The first to work out the proof that free energy is the measure of chemical affinity specifically for isobaric-isothermal reacting systems, in which case the free energy is Gibbs free energy, the type of reactions that freely occur on the surface of the earth, such as do human chemical reactions, seems to have been Belgian mathematical physicist Theophile de Donder, sometime beginning in 1920, culminating in his 1936 Thermodynamic Theory of Affinity. De Donder stated the relation in terms of variation in the extent of reaction: [3]

A=-\left(\frac{\partial G}{\partial \xi}\right)_{p,T}

which states that the affinity A of a closed isothermal-isobaric reacting system is equal to the negative of the variation of the Gibbs free energy ∂G per variation in the extent of reaction ξ.

De Donder's formulation of chemical affinity is said to be based on American engineer Willard Gibbs' 1876 concept of chemical potential. [4] The definition of what is called "standard affinity", according to French thermodynamicist Pierre Perrot, is:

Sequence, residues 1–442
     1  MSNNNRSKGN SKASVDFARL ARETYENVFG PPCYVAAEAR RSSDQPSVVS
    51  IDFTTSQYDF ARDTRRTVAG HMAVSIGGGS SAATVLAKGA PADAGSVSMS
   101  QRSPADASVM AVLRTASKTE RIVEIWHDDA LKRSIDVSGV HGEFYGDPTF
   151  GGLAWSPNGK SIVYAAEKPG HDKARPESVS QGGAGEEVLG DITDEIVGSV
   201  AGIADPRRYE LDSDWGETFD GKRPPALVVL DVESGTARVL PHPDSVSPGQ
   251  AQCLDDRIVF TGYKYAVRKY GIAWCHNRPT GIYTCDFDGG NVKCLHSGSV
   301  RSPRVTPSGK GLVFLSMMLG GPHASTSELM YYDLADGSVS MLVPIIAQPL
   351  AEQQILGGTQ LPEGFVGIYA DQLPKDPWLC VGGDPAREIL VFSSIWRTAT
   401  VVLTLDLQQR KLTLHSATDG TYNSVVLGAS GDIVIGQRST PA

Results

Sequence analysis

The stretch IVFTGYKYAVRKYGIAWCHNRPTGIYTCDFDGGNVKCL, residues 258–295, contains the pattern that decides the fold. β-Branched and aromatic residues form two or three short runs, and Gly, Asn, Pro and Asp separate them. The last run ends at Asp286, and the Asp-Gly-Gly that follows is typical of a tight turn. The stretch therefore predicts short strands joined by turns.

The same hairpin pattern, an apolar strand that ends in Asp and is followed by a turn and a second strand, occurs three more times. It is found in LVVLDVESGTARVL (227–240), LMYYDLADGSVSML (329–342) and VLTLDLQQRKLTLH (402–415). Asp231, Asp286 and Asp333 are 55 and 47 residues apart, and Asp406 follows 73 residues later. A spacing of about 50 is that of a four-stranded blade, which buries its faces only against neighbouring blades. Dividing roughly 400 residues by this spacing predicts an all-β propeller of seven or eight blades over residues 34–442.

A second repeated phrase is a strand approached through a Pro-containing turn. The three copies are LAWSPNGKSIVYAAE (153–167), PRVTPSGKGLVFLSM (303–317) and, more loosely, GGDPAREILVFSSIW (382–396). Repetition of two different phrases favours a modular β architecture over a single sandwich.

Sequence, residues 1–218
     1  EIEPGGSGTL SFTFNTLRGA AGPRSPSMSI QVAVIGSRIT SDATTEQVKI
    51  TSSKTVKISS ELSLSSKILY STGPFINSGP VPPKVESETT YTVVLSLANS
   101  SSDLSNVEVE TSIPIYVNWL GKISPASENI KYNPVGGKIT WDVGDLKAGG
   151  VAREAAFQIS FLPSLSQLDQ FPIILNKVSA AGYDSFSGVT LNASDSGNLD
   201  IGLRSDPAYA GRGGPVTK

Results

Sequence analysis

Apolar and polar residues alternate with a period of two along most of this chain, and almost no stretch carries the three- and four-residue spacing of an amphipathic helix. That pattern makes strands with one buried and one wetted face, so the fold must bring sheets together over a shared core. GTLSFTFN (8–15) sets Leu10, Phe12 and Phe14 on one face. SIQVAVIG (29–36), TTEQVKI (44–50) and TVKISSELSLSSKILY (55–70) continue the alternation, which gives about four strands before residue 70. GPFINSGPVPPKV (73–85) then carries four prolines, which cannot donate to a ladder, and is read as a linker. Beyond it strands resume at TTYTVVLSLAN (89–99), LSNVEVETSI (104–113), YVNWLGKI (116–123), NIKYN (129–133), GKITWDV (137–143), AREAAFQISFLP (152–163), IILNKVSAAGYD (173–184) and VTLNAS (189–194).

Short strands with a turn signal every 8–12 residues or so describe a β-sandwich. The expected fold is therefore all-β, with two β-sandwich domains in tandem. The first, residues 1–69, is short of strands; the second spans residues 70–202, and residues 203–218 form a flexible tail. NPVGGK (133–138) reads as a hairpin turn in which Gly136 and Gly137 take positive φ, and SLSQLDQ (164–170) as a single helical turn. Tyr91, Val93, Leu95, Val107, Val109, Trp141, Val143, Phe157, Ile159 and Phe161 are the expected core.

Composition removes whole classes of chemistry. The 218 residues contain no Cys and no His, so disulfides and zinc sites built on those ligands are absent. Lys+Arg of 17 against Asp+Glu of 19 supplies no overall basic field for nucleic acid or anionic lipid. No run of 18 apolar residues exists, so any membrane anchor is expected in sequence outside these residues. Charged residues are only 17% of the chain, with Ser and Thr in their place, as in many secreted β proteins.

A^{\circ} = - \Delta_r G^{\circ} \,

which according to Perrot, equates to:

 A^{\circ} = \sum_{i=1}^k - \nu_i \mu^{\circ}_i \,

such that the affinity of the chemical reaction is calls "standard" when each constituent is taken in its standard state. [5]

Thermodynamic coupling
Add: affinity coupling (De Donder, pg. 113);
Add: free energy coupling

1. (a) Thims, Libb. (2007). Human Chemistry (Volume One) (pg. xvi). Morrisville, NC: LuLu.
(b) Thims, Libb. (2007). Human Chemistry (Volume Two) (pg. 443). Morrisville, NC: LuLu.
2. Helmholtz, Hermann. (1882). “On the Thermodynamics of Chemical Processes”, in: Physical Memoirs Selected and Translated from Foreign Sources, 1: 43-97. Physical Society of London, Taylor and Francis, 1888.
3. (a) De Donder, Théophile. (1920). Lecons de Thermodynamique et de Chemie Physique (Lessons of Thermodynamics and Physical Chemistry), (pg. 117, formula 318). Paris: Gauthier-Villars.
(b) De Donder, T. (1922). “Article”. Bull. Ac. Roy. Belg. (Cl. Sc.) (5) 7: 197-205.
(c) De Donder, T. (1927). “L’ Affinite”, Paris: Gauthier-Villars.
(e) De Donder, Theophile and Van Rysselberghe Pierre. (1936). Thermodynamic Theory of Affinity: A Book of Principles, (pg. 2).Oxford University Press.
4. Kondepudi, Dilip and Prigogine, Ilya. (1998). Modern Thermodynamics – from Heat Engines to Dissipative Structures (4.1: Chemical potential and Affinity: the Driving Force of Chemical Reactions, pgs. 103-13). New York: John Wiley & Sons.
5. Perrot, Pierre. (1998). A to Z of Thermodynamics (Standard affinity, pg. 284). Oxford University Press.